Sunday, July 10, 2016


God's using the Cold Springs Fire to shape a lot of my heart in ways I didn't necessarily anticipate and to teach me more than I could expect. 

He's using it as a reminder that I have no idea what all is going on in anyone's heart-- when I sit here, feeling like my heart is slowly dying a little, others might be feeling similar things for other reasons. And when my situation shifts, and I no longer feel this weight, I still will encounter people who are carrying unseen troubles. One of my favorite quotes says, "be kinder than necessary, for everyone you meet is fighting some sort of battle." This reminds me of that. How many times I treat people like they're not fighting anything, and how that absolutely breaks me when people do it to me right now. A reminder to be gracious always. 

He's teaching me that it's alright to have emotional reactions and that it's okay to lean on community when that happens. (I never do seem to learn this lesson.) what a gift to have Sonlight staff as my community during this chaos. 

He's also teaching me to focus on him and his abundant joy and protection. It's sometimes tough to see, but God is always good (the best, in fact), and my situations are the things that change and shift. When I focus on the fire and the potential and actual losses, I panic. But when I focus on his joy and his face, I'm stabilized. Not that feeling negative emotions is a bad thing, but rather they are something to weather with his help. He provides peace in this storm, to use some Christianese. 

God's teaching me a thing or two about myself too. He's using this pain to point out the ways that I run away to corners by myself to sit with my wounds and bottle my feelings, and he's using it to point out the ways that community will have my back if I let them. That's a scary lesson for me. 

He's reminding me of his goodness too--how I only want his presence right now! It's so good and so much more peace-giving than anything else, be that sleep or running or food or reading. As Psalm 16 says, I have no good apart from him. 

I thank God that he's so good and big. That this is temporary-- "this too shall pass." Sometimes that's all I can cling to, and that's okay for now. 

A perspective on tragedy

Today, July 9th, at approximately 1:30 pm, forest caught fire close to my house--about a mile away. In the early afternoon, it was about 100 acres, and as I'm falling asleep, it has grown to 226 acres. Last I knew, it was 0% contained and a mile from my house, though things easily could have changed. 

I've had about 18 reactions to the news today-- fear and worry, gratitude for fire fighter parents who taught me to understand what the news tells me and who can take care of the house and cat adequately, frustration with my inability to do anything except pray, frustration with my lack of words--what even CAN I pray?-- and anger at flippant Instagram posts, to name a few. I've started to try to process the idea of what losing my house would be like, what it would be like to return to ravaged, blackened tree stumps and bricks instead of my childhood home. That's a painful process. 

Here's what I want you to know in this: as long as the fire burns, it will be somewhere on my mind. Perhaps buried deep in the back and perhaps at the forefront, but it will be somewhere on my mind, whether it burns for just another day or three months. And while right now, this is perhaps very shocking news for you, and it's definitely on your mind, I don't expect it to stay on your mind. I know you have lots of pain and joy and fear and adventure tugging at your own heart, and that's beautiful. My experience with one fire is just a sliver of your existence, of the collective human experience. This is true of any tragedy or trauma, I believe. We cannot all feel the pain on the deepest levels; that is saved for those most directly affected.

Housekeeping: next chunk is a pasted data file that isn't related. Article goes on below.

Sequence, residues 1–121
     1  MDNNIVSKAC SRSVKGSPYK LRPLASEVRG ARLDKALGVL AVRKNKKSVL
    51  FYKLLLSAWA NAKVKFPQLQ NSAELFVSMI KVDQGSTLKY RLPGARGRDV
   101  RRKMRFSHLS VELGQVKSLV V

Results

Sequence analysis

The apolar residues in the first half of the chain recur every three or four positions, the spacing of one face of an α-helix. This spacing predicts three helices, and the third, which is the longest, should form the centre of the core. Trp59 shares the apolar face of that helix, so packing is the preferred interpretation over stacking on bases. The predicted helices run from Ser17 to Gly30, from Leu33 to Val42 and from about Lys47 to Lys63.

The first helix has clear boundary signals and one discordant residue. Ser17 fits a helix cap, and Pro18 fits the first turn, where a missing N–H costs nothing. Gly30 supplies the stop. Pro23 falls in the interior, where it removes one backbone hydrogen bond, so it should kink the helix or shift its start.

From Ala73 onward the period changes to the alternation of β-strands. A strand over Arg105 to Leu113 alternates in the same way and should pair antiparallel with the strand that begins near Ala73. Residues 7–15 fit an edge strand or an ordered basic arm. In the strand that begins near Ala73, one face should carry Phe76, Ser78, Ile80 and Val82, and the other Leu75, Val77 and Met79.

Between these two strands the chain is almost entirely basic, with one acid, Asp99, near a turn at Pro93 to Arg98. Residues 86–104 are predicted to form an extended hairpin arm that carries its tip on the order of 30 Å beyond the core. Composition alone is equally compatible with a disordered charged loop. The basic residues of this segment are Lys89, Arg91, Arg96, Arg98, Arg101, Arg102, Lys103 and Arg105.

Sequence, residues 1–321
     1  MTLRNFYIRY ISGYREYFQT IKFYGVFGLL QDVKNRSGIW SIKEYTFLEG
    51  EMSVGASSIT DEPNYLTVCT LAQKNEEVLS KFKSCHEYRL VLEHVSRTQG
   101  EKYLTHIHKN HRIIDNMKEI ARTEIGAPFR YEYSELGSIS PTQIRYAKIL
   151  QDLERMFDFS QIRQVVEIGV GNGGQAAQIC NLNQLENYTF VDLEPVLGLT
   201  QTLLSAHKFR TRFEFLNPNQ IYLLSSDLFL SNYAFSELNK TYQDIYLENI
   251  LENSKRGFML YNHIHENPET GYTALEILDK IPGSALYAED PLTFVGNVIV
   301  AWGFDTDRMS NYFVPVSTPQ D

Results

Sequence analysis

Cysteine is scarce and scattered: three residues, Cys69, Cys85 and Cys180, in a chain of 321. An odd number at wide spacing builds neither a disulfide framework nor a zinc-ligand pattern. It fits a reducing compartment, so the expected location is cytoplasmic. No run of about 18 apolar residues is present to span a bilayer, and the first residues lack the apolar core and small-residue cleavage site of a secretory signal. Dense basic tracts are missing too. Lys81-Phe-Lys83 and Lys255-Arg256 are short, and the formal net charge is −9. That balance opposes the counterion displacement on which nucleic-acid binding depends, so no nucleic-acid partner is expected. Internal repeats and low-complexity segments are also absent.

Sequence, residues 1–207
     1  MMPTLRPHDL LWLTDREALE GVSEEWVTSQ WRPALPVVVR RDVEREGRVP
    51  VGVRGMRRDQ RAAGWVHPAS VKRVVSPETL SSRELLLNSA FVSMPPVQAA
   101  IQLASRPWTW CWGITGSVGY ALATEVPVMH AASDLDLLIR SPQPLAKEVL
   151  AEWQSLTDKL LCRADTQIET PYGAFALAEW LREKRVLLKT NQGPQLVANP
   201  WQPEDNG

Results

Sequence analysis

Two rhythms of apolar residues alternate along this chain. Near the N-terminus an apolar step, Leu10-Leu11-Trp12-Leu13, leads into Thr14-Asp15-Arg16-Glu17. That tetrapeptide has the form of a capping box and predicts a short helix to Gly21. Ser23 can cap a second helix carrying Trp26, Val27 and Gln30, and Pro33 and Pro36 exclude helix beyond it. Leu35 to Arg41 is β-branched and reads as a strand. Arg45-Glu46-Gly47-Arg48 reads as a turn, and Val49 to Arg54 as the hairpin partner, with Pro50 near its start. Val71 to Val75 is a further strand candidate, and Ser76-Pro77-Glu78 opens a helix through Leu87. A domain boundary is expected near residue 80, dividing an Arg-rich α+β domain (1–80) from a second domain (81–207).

I cannot, will not ask you to feel the weight of this fire for as long as it burns. You are welcome to, if it burdens you too, but please do not force yourself to feel some obligatory pain just because I'm nervous for the firefighters on the line and for those who have lost and will lose property. There is always plenty of pain in the world, as a result of our broken humankind situation. 

Be a joyful light, if you have it in you. You have a joy given to you by a beautiful and all-powerful Creator. My request of you is that you let your joy shine, if you are in a place to do so. If not, be real and raw with yourself and those around you (that's a challenge I'm issuing to myself as well). But if you have light, by all means, share it. In the words of Passenger, "if we all light up, we can scare away the dark." I have a second half to my request though: know that some of us will continue to have heaviness as long as the fire burns and some even after the fire is long out. I think of the many fires we have seen around Colorado and the world recently, and the pain and cost implicit to rebuilding a life and a house after it burns down. I think about the ways that people are still struggling with damage from Boulder's big flood several years ago-- these are weights that carry on long after the news is breaking or juicy. These are the heaviest and loneliest weights. 

So please, shine your light and be joyful, but remember that some among you will always be carrying pain, so they may need a little extra help to smile, or they may choose not to smile at all. And when it's your turn, because we all take a turn with bearing trauma or tragedy, know that others will perhaps start singing soon before you remember how to smile. And that's okay too.